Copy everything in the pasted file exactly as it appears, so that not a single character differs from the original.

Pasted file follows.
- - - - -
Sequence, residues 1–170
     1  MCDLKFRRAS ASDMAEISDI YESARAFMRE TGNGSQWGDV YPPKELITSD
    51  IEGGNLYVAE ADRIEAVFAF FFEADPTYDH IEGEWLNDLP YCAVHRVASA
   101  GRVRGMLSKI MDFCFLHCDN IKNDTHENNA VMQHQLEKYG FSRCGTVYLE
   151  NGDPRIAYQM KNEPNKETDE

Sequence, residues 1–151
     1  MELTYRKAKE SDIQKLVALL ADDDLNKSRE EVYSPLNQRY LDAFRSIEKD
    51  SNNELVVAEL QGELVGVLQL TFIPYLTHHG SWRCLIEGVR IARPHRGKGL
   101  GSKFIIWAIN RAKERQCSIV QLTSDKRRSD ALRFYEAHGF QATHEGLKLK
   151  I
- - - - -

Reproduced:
Sequence, residues 1–170
     1  MCDLKFRRAS ASDMAEISDI YESARAFMRE TGNGSQWGDV YPPKELITSD
    51  IEGGNLYVAE ADRIEAVFAF FFEADPTYDH IEGEWLNDLP YCAVHRVASA
   101  GRVRGMLSKI MDFCFLHCDN IKNDTHENNA VMQHQLEKYG FSRCGTVYLE
   151  NGDPRIAYQM KNEPNKETDE

Sequence, residues 1–151
     1  MELTYRKAKE SDIQKLVALL ADDDLNKSRE EVYSPLNQRY LDAFRSIEKD
    51  SNNELVVAEL QGELVGVLQL TFIPYLTHHG SWRCLIEGVR IARPHRGKGL
   101  GSKFIIWAIN RAKERQCSIV QLTSDKRRSD ALRFYEAHGF QATHEGLKLK
   151  I